Is it worth the effort?

Going into this reading, I am sure we were all probably not surprised to find out how heavily involved the Soviet government was in theatre. We’ve already seen countless examples of government officials meddling in cultural practices. On page 83, Fowler says, “The GPU was actively involved in culture not only to suppress but also create a Soviet artistic culture.” In this chapter, we see the great lengths the Soviets go to suppress bad culture and create their own, but was it worth it from a Soviet perspective to pour all these resources into censoring theatre (or anything else related)? Personally, I’ll say yes since theatre can have such a profound impact on society. When it is good enough, people start to really discuss the contents. What does everyone else think?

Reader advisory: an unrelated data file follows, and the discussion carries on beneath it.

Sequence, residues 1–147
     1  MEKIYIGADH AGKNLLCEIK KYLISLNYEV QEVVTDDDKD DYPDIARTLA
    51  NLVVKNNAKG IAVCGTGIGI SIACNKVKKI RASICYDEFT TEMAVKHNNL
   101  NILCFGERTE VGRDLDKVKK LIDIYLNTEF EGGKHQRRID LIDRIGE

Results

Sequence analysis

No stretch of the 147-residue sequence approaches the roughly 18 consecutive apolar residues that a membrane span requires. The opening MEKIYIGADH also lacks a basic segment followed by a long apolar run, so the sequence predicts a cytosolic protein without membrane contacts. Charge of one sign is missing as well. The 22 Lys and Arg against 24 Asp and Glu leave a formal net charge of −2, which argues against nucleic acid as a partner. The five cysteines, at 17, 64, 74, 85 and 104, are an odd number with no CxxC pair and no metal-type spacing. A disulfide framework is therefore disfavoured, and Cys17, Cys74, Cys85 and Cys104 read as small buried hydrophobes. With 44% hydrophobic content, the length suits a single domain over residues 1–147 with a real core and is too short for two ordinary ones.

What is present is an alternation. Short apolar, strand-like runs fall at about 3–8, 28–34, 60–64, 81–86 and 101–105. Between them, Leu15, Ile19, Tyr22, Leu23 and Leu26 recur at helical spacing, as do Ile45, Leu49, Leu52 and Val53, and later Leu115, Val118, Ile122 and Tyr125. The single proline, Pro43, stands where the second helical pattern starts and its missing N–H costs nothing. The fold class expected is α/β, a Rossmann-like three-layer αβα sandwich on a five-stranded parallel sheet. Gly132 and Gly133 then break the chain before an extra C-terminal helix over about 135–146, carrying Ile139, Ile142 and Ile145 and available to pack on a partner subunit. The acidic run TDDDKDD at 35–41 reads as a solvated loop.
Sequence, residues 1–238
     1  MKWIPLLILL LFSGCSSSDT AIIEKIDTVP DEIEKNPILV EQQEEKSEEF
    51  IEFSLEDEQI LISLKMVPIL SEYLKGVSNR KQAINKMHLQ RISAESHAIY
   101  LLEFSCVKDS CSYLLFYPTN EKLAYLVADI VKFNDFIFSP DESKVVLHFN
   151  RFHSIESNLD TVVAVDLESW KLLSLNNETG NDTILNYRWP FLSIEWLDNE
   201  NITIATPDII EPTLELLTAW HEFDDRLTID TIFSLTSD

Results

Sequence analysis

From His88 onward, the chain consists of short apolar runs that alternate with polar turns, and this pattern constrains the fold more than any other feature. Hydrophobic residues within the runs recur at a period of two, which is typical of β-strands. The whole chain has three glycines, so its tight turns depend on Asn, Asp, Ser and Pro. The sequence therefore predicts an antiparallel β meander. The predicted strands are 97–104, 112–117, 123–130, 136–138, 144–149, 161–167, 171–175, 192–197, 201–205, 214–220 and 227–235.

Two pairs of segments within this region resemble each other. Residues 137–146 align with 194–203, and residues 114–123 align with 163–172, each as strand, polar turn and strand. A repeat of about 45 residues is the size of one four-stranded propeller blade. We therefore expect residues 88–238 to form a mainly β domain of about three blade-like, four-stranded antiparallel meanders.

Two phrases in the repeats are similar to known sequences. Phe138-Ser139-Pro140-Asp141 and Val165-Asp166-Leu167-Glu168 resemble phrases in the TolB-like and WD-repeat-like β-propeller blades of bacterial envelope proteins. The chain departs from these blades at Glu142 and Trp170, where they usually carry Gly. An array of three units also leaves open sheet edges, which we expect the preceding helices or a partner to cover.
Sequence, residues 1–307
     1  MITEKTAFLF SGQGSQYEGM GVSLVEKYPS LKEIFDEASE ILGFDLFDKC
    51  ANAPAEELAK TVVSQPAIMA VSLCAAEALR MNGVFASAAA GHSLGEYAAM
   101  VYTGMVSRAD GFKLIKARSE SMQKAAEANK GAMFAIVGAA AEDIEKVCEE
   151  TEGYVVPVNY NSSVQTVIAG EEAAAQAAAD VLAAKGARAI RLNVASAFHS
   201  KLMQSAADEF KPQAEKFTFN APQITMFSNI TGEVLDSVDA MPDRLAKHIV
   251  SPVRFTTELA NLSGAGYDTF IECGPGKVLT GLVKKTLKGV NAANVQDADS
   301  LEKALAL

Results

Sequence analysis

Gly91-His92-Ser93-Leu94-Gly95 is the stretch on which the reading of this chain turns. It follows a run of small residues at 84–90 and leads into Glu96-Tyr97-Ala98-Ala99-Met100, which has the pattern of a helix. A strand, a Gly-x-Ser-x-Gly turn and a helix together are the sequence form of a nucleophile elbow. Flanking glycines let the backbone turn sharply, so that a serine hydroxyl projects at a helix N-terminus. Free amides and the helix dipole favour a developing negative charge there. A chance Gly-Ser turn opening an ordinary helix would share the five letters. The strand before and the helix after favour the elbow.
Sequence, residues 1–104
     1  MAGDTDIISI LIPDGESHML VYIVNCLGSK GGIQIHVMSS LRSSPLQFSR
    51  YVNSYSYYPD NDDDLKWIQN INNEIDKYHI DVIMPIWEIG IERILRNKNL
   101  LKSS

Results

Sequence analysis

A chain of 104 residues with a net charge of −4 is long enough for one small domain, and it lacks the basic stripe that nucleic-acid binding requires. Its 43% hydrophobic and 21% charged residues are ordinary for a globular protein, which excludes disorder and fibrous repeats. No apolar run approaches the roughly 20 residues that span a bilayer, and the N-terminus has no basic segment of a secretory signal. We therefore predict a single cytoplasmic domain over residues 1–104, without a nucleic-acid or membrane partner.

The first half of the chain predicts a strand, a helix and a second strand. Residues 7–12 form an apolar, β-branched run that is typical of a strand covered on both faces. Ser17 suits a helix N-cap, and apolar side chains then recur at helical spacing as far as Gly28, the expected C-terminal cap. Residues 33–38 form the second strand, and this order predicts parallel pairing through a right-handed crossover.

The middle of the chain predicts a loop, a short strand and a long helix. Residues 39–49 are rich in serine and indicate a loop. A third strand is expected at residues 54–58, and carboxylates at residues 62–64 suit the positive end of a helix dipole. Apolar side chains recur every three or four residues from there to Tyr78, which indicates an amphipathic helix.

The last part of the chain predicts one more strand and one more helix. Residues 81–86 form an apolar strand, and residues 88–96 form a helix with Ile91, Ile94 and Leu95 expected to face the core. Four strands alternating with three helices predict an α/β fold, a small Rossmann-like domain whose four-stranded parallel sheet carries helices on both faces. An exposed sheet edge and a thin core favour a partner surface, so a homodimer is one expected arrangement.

2 Replies to “Is it worth the effort?”

  1. I would agree that it was worth it to invest a large amount of resources into theatre from a soviet perspective. It seams as though it was an important goal of the USSR to establish a new Soviet Ukrainian culture in the former Imperial Southwest which became the Ukrainian SSR. To make this happen I think it would be necessary to create new literary programs in the region, since as Fowler explains the theatre network of the Russian Empire collapsed during the civil war.

  2. From what we know about Soviet policy, it holds that they would heavily censor artistic expression; however, as a “modern” sort-of-educated human, I think their censorship was a net negative to their agenda. The “taboo” has always drawn people in (ask Foucault), so with heavy censorship they give birth to an artistic underground. I think in terms of soviet policy, they would have been better off ruining intensive promotion campaigns for the art the liked instead of censoring the art they did not. Simple way: Promote the good/great and do your best not to drawl attention to the bad/different.

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